It was a White Christmas. A pet cat was found strangled in a snow drift. A road accident on the moor had set free a notorious child-killer. A mentally defective girl had disappeared from the village party. Snow blocked the country lanes. Telephone wires, blown down in the storm, isolated the village….
A rubbishy reading month ended on a high with this 1969 book, perhaps more famously regarded for the 1971 film – Straw Dogs by Sam Peckinpah with Susan George and Dustin Hoffman than the novel that spawned it.
We have a married couple renting a farmhouse – Trencher’s Farm in the West Country village of Dando. George Magruder is an American professor seeking solitude to finish his book. Louise is his English wife and Karen their young daughter.
Keen to embrace English village life, George embarks on a visit to local pub, where he is ignored by the villagers. Dando is a village with a particular suspicion of outsiders – not just of trans-Atlantic visitors but even folk from the next valley. They look after their own, never more so in the oft-whispered case of what happened at Soldier’s Field when the village men-folk dealt out justice to a village girl’s rapist. Within our community we have some villagers with a less insular view, in particular one of the church elders and the doctor; people who have lived part of their life away from the confines of Dando.
Our sense of isolation becomes more palpable with the on-set of a severe snow-storm which cuts the village off from the outside. The weather contributes to an accident in which an ambulance crashes and the patient, a notorious child-killer - Henry Niles escapes in the aftermath. Niles, himself possesses the mind of a child and is now on the loose with the village boundaries. Throw in a damaged, missing village girl, herself the product of years on in-breeding and the village soon takes on a panicked mentality.
George out driving in the storm, collecting his wife and daughter from the village Christmas party, runs over Niles in the snow and takes him back to Trencher’s Farm to look after him. A call to the police – hours away because of the snowstorm and the village doctor, soon has the local grapevine buzzing and the men-folk up in arms. Missing girl, child-killer on the loose – 2 plus 2 = 5. A raiding party is on its way to Trencher’s Farm and the American who is harbouring the guilty party.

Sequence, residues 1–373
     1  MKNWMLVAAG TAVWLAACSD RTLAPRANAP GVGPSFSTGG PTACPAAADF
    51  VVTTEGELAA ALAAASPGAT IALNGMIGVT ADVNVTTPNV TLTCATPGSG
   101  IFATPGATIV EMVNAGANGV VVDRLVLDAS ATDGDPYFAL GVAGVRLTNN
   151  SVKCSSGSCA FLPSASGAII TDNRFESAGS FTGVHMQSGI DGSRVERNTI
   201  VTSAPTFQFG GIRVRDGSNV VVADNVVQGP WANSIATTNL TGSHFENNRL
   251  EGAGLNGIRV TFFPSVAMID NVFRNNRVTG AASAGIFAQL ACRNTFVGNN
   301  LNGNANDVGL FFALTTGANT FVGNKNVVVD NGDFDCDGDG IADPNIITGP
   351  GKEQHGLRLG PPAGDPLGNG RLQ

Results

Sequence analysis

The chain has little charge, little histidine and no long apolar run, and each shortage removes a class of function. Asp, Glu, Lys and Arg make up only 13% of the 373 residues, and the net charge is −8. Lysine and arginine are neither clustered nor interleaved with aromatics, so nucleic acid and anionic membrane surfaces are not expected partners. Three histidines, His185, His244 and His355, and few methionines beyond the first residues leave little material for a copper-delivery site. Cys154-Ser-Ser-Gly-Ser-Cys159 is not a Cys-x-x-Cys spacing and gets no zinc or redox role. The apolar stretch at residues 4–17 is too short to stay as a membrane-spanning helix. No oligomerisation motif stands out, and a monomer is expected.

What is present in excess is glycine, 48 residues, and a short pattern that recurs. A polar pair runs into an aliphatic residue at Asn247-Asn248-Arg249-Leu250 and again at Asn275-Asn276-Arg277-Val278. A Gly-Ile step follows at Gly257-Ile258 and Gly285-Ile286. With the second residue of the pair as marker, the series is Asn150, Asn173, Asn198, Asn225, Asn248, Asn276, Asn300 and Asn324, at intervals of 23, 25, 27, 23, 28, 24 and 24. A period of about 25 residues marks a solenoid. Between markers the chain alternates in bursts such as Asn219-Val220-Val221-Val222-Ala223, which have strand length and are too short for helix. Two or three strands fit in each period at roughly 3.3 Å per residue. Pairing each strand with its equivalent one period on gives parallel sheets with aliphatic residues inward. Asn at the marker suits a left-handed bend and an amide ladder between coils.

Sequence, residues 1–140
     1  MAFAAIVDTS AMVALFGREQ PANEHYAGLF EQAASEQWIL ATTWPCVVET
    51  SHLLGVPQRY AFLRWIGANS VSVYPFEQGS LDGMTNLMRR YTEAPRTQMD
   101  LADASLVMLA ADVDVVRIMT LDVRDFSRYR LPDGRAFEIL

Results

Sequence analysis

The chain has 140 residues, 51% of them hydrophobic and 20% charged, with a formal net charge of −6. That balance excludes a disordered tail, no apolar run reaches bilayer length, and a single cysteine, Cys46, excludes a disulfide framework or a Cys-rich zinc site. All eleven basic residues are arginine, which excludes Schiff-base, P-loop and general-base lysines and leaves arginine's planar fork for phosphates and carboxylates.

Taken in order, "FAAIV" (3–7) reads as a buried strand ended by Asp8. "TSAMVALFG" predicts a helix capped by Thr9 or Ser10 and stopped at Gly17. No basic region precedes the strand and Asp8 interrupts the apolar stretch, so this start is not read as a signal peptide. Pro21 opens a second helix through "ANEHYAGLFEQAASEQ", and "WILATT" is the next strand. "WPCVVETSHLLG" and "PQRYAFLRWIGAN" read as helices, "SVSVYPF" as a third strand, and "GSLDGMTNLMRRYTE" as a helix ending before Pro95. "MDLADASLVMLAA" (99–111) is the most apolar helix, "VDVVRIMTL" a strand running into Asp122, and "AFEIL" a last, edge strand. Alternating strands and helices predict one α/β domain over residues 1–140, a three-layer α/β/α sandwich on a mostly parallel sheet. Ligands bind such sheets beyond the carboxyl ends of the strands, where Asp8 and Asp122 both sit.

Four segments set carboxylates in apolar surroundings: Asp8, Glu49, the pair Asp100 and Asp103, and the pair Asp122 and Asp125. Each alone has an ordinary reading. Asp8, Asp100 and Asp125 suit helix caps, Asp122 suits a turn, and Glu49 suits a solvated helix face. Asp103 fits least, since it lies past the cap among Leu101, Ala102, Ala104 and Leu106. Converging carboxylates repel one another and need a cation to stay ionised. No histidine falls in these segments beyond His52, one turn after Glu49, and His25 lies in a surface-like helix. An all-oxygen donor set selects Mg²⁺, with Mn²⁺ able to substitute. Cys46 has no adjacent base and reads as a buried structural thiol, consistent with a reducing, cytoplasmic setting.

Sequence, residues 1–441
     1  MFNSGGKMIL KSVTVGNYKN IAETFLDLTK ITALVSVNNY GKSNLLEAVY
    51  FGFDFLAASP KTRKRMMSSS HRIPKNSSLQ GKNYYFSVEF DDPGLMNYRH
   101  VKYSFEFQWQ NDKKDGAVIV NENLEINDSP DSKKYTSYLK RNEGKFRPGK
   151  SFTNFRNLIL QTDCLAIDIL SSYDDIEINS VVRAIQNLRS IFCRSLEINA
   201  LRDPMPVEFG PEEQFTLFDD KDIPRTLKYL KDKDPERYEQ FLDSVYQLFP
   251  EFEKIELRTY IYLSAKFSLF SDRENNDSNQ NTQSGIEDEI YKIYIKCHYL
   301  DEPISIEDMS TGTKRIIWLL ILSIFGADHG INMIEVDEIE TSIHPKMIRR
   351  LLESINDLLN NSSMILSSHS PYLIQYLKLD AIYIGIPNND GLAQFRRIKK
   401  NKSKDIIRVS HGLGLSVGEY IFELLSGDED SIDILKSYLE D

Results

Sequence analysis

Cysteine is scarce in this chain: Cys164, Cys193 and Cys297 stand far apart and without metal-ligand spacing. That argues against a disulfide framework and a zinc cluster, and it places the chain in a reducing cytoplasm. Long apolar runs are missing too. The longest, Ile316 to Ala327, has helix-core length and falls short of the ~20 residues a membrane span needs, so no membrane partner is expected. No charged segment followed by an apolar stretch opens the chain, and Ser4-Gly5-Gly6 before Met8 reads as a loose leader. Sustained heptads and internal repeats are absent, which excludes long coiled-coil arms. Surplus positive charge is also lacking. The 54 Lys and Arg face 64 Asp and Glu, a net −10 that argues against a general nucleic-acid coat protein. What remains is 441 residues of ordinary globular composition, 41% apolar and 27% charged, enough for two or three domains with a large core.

Violent, brutal, gripping, atmospheric. The villagers in the gang display a convincing sense of entitlement and hey you certainly can’t knock their community spirit! From our married couple, we have an already difficult relationship put under extreme pressure. Our marriage is full of discontent and pain, does the approaching trauma cause it to fracture further – beyond repair or does the shared danger bring them together? With our child killer, we see confusion and a lack of comprehension or is this just a mask until opportunity presents itself in the shape of Karen, the Magruder’s daughter?
Interesting also, how avowed pacifist, George almost embraces the physical danger with relish once he has accepted that on this occasion violence must be met with violence.
4.5 from 5
I purchased a copy of this some years ago second hand online.
My copy depicts Hoffman in a scene from the film. Something I have a copy of but haven’t yet watched. I’ll be interested to see the similarities and the differences. I think originally the film was extremely controversial on release and the subject of some kind of ban and cuts. I believe the film twists the plot-line into once concerning locals and the rape of Louise Magruder as opposed to a vigilante gang targeting a paedophile and child-killer.
This would have been an entry for Rich Westwood’s Crimes of the Century meme in October, but unfortunately whilst I managed to finish the book in the month, my thoughts didn’t make the deadline.
Author Gordon M. Williams hails from Scotland so this one will count towards my on-going three year Scottish Reading Challenge! He's an interesting character having written over 20 novels and for film and television, including an old TV favourite of mine - Hazell. In collaboration with Terry Venables, he penned a few Hazell novels under the pen name P.B. Yuill - I have a couple of them. Read more about him here at his wiki page.